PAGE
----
The Associated Students of the University of La Verne presented the Faculty Senate with a resolution on May 6 calling for adjustments to the finals week standards – with the hope of reducing the burden being placed on students trying to finish up the semester in the midst of the COVID-19 pandemic, the transition to all online classes, and the host of challenges of this unprecedented moment.
“Our suggestion is an optional finals week policy, but we understand that this may come as a challenge to academic freedom, so we are trying to shine light on the struggles that students are facing in hopes to accomplish academic aid and flexibility within the classroom,” said Maddy Ruiz, ASULV president.
On Monday, the Faculty Senate responded to the resolution during its semi-monthly meeting, held virtually via WebEx, saying that the Senate could not require all faculty to make finals optional. The Senate did, however, send a written recommendation to faculty to consider various alternatives to standard hours-long timed finals.
The senate memo suggested options for faculty to consider to mitigate students’ stress around finals, from offering open book finals, to allowing for groups to complete a final together, to allowing for the final to be taken “over time during the remaining course weeks,” to opting out entirely. All of the suggestions provided are at the professors’ discretion so as to preserve academic freedom for faculty members.
“Academic freedom does not allow us to tell faculty that they cannot give a final,” Donna Redman, associate professor of education and senate president, said during the meeting. “I know the students were hoping for something along those lines, but we can give an option and what we have here in this document are some different options for what you can do to help your students reduce their stress during final exams.”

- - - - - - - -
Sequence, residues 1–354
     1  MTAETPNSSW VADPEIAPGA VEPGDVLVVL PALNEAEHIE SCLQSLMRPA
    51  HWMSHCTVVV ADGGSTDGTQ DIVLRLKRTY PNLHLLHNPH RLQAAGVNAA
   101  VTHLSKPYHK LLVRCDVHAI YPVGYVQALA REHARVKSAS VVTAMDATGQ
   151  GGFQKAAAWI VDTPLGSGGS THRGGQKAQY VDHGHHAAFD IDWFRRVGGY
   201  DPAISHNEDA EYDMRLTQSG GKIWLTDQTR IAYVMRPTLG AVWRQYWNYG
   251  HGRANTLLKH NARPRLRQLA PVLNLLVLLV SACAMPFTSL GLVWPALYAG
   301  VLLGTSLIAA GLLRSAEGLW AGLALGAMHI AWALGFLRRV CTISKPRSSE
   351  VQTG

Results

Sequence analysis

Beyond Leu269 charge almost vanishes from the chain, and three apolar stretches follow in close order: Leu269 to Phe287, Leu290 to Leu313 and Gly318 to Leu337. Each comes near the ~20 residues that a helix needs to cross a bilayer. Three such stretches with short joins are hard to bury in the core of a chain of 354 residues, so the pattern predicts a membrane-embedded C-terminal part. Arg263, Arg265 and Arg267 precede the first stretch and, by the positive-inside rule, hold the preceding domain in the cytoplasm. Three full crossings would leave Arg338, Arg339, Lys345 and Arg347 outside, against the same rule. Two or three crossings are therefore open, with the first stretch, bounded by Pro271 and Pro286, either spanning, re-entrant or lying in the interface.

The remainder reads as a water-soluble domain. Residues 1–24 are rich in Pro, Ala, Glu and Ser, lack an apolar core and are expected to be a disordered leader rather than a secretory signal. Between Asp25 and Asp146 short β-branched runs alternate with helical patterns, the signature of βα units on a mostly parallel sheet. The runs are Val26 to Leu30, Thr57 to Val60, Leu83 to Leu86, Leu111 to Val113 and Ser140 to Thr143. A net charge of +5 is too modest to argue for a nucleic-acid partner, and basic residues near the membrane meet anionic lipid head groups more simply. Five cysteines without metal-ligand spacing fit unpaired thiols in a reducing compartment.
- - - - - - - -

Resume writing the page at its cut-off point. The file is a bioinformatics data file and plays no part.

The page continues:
Professor of Public Administration Matthew Witt, also a faculty senator, emphasized that although the Senate does not want to specify a one-size-fits-all situation for faculty members, they still want to recognize the stress that students are facing, which is why they decided to provide different options for faculty members to consider. He added that some faculty members may have their course set up in a way that requires a final exam, meaning they are continuing with the exam not because they do not recognize student’s heightened stress levels but because of course organization.
“I hope people understand that the deliberation was sincere and respectful of the student concerns,” Witt said. “By no means was there any sentiment among the Senate that student concerns were invalid at all. If we can signal to faculty, ‘Hey, think about your students right now and if there are adjustments you can reasonably make, please consider doing so.’ That’s the message we wanted to affirm.”
Ruiz said that while she expected this response from the Senate, she still hopes that the experiences students are going through amid this pandemic are being heard.
“Success within the class during a pandemic should not be measured the same way it has been measured before,” Ruiz said. “We hoped that the resolution would be able to encapsulate the challenges COVID-19 has presented to our students accordingly.”
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